I’ve started blogging on my new company site – http://cahilldigital.com so you will definitely want to add that to your reading list. My last post was about Responsive Design, Retina Displays and their importance in new site development. The title is “Welcome to Retina-stan.”
Meanwhile in the present day, designers have to deal with a web that requires a “responsive” design – on that by using media queries will present the appropriate css 3 styles to a browser, be it on a phone, tablet, laptop or whatever. Essentially, we’ve created a variable driven CSS; one of the things we realized virtually from the outset of CSS that was missing. Say good bye to those funky old conditional comments calls that allowed use to work around that failing.
Now we have retinal displays, which unlike the phones and tablets that require different widths and sizes, actually changes the pixel density of the images and fonts that are presented. It’s all pretty cool, but honestly, its also more work if you want to do it right.
As usual, a post packed full of useful development goodness, but also important for small business owners. Check it out at CahillDigital.com
There’s a page on your site that never gets any love. You don’t really spend time thinking about it, your readers hate it when they see it and Google dings you for search if you don’t have it set up correctly. The lowly 404 page…
Admit it, you probably don’t even know what yours looks like. Why should you? You setup everything right on the site, then no one should ever see it.
Wrong…no matter how well you run your site, someone will end up seeing your 404 page. At that point, you can either give them a fighting chance to find what they want, or you can annoy them and send them running for the hinterlands, never to return.
Some serious 404 sins:
‘We don’t need no 404’ – Redirect to another page on your site, but don’t tell the user it’s a 404. Leave them wondering what the heck happened. This tells the customer you think you know better than they do. Users love that…
‘Show them the laundry’ – give them some error code and tell them to email it to the system adminstrator, who will promptly ignore it. Nothing says ‘we’re clueless’ better than asking your users to forward 600 lines of “stack trace message” to the “admin”.
‘You have reached the end of the Internet‘ – give them a cute, funny error, but no other option. They’ll laugh, while they’re typing in the url for your competitor.
‘Nah Nah Nah, you can’t find it‘ – Tell them the paqe they aren’t looking for isn’t there, and nothing else. Give them no options and they’ll find one…that doesn’t involve you.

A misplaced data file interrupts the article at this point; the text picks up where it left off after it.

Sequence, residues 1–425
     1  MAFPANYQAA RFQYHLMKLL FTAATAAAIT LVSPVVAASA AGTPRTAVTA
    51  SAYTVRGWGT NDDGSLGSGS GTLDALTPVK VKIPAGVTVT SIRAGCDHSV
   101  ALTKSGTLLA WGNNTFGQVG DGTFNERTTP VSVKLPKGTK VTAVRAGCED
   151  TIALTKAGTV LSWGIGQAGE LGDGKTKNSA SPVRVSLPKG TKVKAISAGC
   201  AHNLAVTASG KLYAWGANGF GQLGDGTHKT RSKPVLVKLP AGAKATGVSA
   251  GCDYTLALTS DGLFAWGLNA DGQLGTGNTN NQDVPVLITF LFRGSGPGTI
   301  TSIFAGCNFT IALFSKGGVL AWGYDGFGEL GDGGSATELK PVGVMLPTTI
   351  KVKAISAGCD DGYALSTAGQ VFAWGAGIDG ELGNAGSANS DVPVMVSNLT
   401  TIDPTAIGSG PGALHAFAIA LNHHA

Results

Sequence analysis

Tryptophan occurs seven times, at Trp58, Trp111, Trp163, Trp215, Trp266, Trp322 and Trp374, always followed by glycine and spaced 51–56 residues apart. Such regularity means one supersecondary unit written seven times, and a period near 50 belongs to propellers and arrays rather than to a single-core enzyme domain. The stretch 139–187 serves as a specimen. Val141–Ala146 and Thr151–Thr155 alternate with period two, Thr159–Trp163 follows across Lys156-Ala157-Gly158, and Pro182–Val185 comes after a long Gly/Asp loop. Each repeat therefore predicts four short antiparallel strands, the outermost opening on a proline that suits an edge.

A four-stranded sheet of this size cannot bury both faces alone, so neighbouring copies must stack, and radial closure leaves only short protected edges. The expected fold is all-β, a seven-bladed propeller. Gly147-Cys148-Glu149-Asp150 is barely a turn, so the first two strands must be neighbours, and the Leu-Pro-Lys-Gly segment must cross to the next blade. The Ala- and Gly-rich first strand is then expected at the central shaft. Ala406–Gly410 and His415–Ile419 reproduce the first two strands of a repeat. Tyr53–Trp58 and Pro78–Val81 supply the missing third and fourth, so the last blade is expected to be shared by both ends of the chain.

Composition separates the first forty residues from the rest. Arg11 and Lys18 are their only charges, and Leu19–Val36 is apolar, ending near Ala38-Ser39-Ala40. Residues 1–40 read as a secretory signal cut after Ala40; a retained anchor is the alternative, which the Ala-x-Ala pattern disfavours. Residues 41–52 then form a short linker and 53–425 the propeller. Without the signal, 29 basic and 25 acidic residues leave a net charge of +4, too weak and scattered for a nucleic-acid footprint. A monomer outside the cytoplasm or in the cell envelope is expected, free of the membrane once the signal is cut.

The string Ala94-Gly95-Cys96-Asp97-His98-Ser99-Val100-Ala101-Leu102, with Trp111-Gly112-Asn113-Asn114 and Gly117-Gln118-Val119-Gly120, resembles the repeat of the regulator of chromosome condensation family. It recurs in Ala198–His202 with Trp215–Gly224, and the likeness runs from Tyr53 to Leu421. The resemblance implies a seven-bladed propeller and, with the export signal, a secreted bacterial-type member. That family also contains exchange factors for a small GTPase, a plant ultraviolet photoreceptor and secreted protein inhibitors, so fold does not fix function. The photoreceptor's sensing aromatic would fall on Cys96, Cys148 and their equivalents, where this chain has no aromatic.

So what should your 404 page be? Think of it as an intermediate stop for the wayward traveler. You need to be there, with something warm and inviting to help them find their way. Think of the it as the “Chamber of Commerce” page for your site.
Provide a clear message – “Sorry, the page you are looking for doesn’t exist. Maybe we moved it…”
Provide a solution – “You might find what you need in our search engine, or possibly in the other links we’ve provided below.”
If all else fails, let them contact you – Perhaps I’m old school, but I believe their should always be an email address associated with a website. If you’re really worried about getting spammed, have them send to you via a contact us form that has anti-spam measures in place.
WordPress gets it…their latest default theme has most of this built in. Take a look at my 404 page, by going here. It is the stock page, with the exception of the gremlin image I added courtesy of our friends at TheOatmeal.com.So what am I missing…what else would the perfect 404 page have? You know where the comments form is…
I’ve had the opportunity over the years to work with some real first class web designers. People like Mark Hentschel, Jill Cole and Bill Hall, just to name a few. Unfortunately, there have also been a bunch on the other side who’ve billed themselves as web designers and weren’t…so here’s a list off the warning signs that you’re dealing with a web designer who isn’t a web designer.
The design arrives as a flat jpg image that looks like it’s covered in Vaseline.
Colors are specified using the Pantone chart.
Sizes are specified as Picas.
Better yet, there’s no sizes, font info, color info or anything. They just keep saying “make it look like the picture.”